It’s not easy coming up with new and original angles for online drama particularly when it comes to audio work. Futures Theatre, however, have managed to do just that with a series of podcasts which mix real discussions with new writing which they have called Fully Amplified. Each episode consists of the voices of a group of women discussing their lives and connected issues interspersed with a piece written in the wake of that conversation. This new style of drama-documentary provides an intriguing mix where the discussion informs the drama, and the drama reflects on the discussion making for a satisfying whole which is more than the sum of its parts. This is a review of episodes 1 – 3; episodes 4 – 6 are reviewed here
The first episode is called Black Mermaids and features a small representative sample of Black, Brown and Diaspora women who have left London to live in Margate who talk about their place and their experiences in the local community. This is interesting enough in and of itself but is heightened by the inclusion of the monologue Aunty which is woven in and around sections of the discussion. Written by Tanya Loretta Dee and magnificently performed by Sharon D Clarke it tells of the life of a woman from Jamaica who was part of the Windrush generation and has become a key figure in her new community achieving a kind of wise woman status supporting others who come to her for help and advice. She has had a mystical encounter with the Greek God Thanatos (Margate is part of the Isle of Thanet) and it is revealed to her that when she passes on from this life she will be absorbed into the fabric of a lighthouse thus continuing to be a beacon to those who come after her. It’s a beautifully realised production and Clarke’s honeyed voice has probably never been put to better use.
Episode Two (Waiting For An Excuse To Turn) features British East and South East Asian women discussing the rise in racist behaviour towards them during the pandemic; they have been mistakenly identified as Chinese and therefore as somehow responsible for Covid 19. Understandably there is a level of anger and concern brought out in the monologue piece Hunger by Ava Wong Davies which freely mixes reality and fantasy. It is performed by Chloe Ewart whose character finds herself valued at her place of work but after the Covid outbreak her regular appraisal becomes problematic. As she reflects on the rising level of attacks and racist insults, she starts to suffer stomach pains as a manifestation of her anxiety and inner anger; eventually she reaches breaking point. The title comes to mean both her fear of being consumed by events and the growing desire within her to make her voice and that of her community heard. It’s a most unsettling piece to listen to … but then so is the testimony of the real life speakers.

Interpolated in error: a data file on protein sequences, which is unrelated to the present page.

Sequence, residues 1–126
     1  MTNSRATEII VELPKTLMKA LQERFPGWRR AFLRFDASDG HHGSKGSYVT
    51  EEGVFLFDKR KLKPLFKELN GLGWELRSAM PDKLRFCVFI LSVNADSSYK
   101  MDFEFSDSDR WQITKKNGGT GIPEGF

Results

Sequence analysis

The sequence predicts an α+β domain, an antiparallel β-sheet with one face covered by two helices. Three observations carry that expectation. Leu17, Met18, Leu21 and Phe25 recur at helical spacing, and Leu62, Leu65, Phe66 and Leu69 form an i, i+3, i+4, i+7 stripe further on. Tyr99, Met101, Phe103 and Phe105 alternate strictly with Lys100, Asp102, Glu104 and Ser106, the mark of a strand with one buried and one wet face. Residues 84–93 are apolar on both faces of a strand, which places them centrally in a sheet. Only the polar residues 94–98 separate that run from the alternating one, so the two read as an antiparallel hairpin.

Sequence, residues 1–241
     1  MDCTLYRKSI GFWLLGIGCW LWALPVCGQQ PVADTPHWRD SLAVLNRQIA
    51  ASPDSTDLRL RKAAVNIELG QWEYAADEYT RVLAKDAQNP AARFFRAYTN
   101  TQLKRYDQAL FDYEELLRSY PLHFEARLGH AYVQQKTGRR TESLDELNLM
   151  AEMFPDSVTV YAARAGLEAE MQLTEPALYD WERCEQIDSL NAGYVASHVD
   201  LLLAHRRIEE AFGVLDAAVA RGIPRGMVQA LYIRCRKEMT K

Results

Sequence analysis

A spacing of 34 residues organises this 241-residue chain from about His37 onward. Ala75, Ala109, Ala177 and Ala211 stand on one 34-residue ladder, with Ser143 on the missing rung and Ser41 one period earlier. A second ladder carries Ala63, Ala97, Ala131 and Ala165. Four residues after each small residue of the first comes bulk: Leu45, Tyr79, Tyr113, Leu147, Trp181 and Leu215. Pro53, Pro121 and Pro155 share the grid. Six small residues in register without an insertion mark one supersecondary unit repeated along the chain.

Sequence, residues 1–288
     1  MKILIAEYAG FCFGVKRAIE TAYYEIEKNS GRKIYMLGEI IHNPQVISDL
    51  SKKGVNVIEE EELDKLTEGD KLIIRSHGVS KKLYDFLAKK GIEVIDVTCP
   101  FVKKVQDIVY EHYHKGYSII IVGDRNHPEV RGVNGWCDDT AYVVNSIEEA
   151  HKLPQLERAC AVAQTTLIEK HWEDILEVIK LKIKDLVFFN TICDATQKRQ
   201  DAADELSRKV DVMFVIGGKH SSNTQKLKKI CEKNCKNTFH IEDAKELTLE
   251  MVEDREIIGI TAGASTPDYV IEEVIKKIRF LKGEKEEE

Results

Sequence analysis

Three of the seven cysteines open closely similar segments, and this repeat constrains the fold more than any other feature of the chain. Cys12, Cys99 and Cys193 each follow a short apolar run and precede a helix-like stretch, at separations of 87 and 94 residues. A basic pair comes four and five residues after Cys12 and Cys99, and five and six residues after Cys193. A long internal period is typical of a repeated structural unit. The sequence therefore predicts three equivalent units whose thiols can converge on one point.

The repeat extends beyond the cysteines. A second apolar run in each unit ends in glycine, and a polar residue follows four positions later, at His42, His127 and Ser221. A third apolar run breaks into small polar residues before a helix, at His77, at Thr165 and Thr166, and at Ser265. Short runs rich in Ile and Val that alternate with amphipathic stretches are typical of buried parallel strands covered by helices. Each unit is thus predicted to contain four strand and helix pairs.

I recently enjoyed Abi Zakarian’s play Found written for 45 North’s Written On The Waves so I was encouraged to see her name attached to the third podcast (When Two Armenians Meet…). Her monologue is entitled Old Dough; this refers to lavash (flat bread) which originated in Armenia and is the first of many mentions of food throughout the play. It’s another piece where reality and fantasy intermingle as Ojen goes into her kitchen at dead of night to be confronted by generations of women in her family busy cooking and making explicit the connecting thread that joins her to her own past/heritage/culture. Jessie Bedrossian plays Ojen and other members of the family. Interesting though this is, it really makes so much more sense when you listen to the talk of three generations of women from the same family with a shared Armenian heritage and learn about the genocide which took place during the years of the First World War, and which is key to their shared identity. In fact, this aspect is far more dramatic than any writer could imagine and is a story simply screaming out to be told. America has only recently recognised the event; the UK has yet to do so.
All three episodes are worth attention and have cleverly used a new format to engage the listener fuelled by the impeccable sound design of Nicola Chang. I had feared the whole exercise might be rather “worthy” and the formatting might strike a false note, but not a bit of it. The lively discussions placed alongside well written monologue pieces which are more than ably performed, make for an engaging half hour listen each time and raise important topics which might otherwise have received insufficient attention. I look forward to picking up on the remaining episodes quite soon.
Fully Amplified is available via the Futures Theatre website – click here
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